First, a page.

By KIM SMITH DEDAM Press-Republican
---- — TUPPER LAKE — The Adirondack Public Observatory is now in full operation, welcoming all star-gazers.
Some finishing construction touches are still in progress. But the nonprofit group of citizen astronomers has largely completed the observatory building on Big Wolf Road here.
The telescopes were installed over the summer.
THREE TELESCOPES IN PLACE
Carol Levy is vice president of the Adirondack Public Observatory Board of Directors. She said they have welcomed scores of visitors already.
“A lot happened over the summer. We mounted three of our telescopes. We have a fourth still to be mounted.
“We stargaze on the first and third Friday of the month, rain or shine,” Levy said.
“But we’re up there almost every clear night. Anyone interested in coming up can call the office here if they want to check.”
The Adirondack Public Observatory, or APO as it’s called locally, will host a grand opening at some point in the not too distant future, Levy said.
“The handicapped-accessible areas have to be finished by the contractor; then we can have a grand opening.”
There is a fair bit of work going on, completing Phase 1 of the three-phase project.
“We’ve had tons of people, several large groups, people from Long Island, people from Australia, the Girl Scout Leaders of Northeastern New York — they have a conference center in Lake Clear every summer where we’ve made presentations, but this year they came here.”
Levy said stars, constellations, meteors and comets have kept many people gazing skyward at night in Tupper Lake.
“We were looking at Saturn earlier this year; we’ve been watching the summer constellations move, the Milky Way — when it’s dark, it’s spectacular. When there is a full moon, we watch the moon.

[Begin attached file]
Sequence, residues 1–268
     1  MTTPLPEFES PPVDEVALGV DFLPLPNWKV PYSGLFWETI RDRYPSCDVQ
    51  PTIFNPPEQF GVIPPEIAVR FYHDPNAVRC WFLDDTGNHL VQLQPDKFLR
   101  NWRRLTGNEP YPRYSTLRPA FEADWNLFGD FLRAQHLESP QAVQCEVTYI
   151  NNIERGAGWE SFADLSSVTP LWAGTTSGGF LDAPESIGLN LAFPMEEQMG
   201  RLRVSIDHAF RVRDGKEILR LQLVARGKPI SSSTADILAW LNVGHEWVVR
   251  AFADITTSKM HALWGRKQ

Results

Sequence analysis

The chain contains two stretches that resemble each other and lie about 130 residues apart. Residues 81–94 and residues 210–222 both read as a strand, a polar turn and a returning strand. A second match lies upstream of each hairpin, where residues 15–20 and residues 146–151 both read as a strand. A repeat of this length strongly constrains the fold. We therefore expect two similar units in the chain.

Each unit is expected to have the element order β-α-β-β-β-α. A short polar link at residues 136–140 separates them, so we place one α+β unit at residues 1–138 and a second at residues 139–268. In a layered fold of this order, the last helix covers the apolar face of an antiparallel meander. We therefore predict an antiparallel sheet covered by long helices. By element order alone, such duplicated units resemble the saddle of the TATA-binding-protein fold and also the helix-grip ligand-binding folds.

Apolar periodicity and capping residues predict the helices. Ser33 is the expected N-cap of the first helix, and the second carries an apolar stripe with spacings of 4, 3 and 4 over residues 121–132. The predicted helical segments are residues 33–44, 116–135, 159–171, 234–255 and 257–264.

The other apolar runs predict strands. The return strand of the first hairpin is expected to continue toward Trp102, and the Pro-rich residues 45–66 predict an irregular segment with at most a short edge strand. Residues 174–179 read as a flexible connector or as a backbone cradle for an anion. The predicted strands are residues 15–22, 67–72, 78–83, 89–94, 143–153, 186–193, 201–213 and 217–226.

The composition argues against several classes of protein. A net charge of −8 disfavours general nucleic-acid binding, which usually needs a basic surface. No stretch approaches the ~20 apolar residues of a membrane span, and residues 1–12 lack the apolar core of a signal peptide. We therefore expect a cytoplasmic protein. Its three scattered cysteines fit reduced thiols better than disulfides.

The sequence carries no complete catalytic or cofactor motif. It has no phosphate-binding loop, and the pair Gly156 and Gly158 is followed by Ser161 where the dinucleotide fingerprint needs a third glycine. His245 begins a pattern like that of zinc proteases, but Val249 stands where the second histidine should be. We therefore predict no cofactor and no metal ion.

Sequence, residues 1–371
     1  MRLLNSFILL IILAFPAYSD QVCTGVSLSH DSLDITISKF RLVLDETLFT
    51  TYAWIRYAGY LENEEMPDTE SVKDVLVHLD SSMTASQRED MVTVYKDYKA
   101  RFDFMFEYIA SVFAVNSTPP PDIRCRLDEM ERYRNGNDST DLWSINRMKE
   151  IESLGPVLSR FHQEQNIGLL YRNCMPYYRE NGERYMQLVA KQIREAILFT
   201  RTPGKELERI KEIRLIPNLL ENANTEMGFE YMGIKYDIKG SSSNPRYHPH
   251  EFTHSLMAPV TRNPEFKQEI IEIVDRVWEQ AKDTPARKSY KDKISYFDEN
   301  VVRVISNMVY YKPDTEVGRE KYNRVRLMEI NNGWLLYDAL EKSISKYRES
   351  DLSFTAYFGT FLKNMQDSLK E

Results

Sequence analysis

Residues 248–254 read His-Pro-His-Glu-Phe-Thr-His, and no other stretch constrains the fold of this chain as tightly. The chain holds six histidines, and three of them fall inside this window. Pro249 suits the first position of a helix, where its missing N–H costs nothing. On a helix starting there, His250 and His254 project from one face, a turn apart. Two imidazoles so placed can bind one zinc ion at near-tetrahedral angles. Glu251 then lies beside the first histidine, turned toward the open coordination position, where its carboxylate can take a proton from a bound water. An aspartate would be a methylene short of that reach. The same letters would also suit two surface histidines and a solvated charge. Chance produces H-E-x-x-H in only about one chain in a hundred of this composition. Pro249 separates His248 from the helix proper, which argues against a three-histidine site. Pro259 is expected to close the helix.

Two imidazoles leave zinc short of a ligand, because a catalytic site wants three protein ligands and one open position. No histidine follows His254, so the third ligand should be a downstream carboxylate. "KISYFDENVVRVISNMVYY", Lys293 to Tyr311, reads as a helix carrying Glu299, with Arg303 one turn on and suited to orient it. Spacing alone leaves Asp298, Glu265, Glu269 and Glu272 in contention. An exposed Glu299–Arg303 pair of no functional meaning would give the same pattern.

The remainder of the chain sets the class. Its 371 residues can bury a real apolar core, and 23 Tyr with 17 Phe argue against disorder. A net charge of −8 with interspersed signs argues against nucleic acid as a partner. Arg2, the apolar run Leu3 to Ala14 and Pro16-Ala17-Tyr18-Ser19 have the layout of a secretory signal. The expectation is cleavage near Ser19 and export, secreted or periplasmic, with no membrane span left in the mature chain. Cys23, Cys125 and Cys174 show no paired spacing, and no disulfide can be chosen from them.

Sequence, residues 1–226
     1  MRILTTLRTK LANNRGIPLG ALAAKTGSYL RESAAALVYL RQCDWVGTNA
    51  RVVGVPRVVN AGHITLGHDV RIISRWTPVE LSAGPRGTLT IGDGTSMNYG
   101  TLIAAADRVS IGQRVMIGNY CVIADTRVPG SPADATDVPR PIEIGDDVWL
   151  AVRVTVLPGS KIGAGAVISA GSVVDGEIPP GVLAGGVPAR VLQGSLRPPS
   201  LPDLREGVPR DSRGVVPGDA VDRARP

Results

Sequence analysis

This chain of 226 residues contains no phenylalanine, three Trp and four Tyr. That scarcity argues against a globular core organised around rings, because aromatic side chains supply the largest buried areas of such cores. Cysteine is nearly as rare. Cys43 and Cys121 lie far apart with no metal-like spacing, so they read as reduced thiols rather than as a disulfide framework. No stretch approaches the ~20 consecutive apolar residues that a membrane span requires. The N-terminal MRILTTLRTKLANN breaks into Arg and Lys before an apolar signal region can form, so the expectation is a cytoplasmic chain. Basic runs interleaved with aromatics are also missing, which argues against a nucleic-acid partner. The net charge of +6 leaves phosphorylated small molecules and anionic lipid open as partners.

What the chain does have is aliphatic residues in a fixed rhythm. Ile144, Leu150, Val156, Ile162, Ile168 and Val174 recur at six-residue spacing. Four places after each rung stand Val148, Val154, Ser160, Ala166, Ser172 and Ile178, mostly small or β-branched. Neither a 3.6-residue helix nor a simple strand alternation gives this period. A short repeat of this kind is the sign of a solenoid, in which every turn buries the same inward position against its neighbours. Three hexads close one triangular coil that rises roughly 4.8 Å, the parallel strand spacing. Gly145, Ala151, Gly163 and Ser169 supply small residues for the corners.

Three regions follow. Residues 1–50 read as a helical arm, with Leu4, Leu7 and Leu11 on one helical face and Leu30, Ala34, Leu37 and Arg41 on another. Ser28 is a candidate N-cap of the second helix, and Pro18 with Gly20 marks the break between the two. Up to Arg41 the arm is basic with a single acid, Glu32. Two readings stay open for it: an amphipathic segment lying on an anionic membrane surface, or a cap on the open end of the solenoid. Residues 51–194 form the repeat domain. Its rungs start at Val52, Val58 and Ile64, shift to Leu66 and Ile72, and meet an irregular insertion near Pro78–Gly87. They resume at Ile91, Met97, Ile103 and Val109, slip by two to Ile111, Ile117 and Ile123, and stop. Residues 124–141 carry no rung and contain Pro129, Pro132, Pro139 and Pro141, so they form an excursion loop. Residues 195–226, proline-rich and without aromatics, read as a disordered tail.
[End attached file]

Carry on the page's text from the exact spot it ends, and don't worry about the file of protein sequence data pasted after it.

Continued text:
‘We had quite a large gathering for the Perseid Meteor Shower; that was a lot of fun.”
“The constellations are constantly changing, the planets are constantly changing. Whatever is in the sky, we’re watching.”
The amateur astronomers are waiting with hopes high for a spectacular event later this fall.
“A very visible comet, Ison, is heading toward the sun,” Levy said.
“If the brightness continues, it will definitely be a naked-eye object by November. We have our fingers crossed. We’re excited about that.”
That observatory puts a new tourism draw in Tupper Lake.
It also provides a regional educational center, one with a major local benefit.
“It’s not only stargazing; Gordy Duval teaches an astronomy class at the high school,” Levy said. “And we do an after-school astronomy class where we teach the kids how to use telescopes and bring them to the observatory on the last day.”
The facility hosts night-sky lectures, often in conjunction with the Wild Center, also in Tupper Lake.
The Adirondack Public Observatory is still raising funds to finish its long-term plan with several facilities in the works.
“We are in the process of finishing up Phase 1 of three phases,” Levy said. “This building is the first phase.
“The second and third phases will be concurrent, we think, and will consist of installation of a research-grade telescope — a 24-inch reflector, which is larger than amateurs have in their back yard.
“And then we will build an astro-science center that will house offices, a classroom, a museum, a gift shop and eventually a planetarium.”
The observatory will remain open through the winter. The site occupies about four acres on Big Wolf Road, past the campsites and the Tupper Lake beach.
Email Kim Smith Dedam: firstname.lastname@example.org
TO LEARN MORE
The Adirondack Public Observatory has a new Facebook page with photographs and updates documenting progress this summer. It is online at: http://is.gd/ZpvYvo
The nonprofit group of citizen astronomers also has a website at: apobservatory.org The telephone number is 359-3538.
Dr. Noel Richardson, Centre de Recherche en Astrophysique du Québec fellow at the University of Montreal, will present a lecture germane to the ongoing observatory work.
The discussion, "Small Telescopes, Big Science," focuses on how amateur astronomers are shaping the research of professionals. It will be held at the Wild Center from 7 to 8 p.m. Friday, Sept. 13, and is open and free to the public.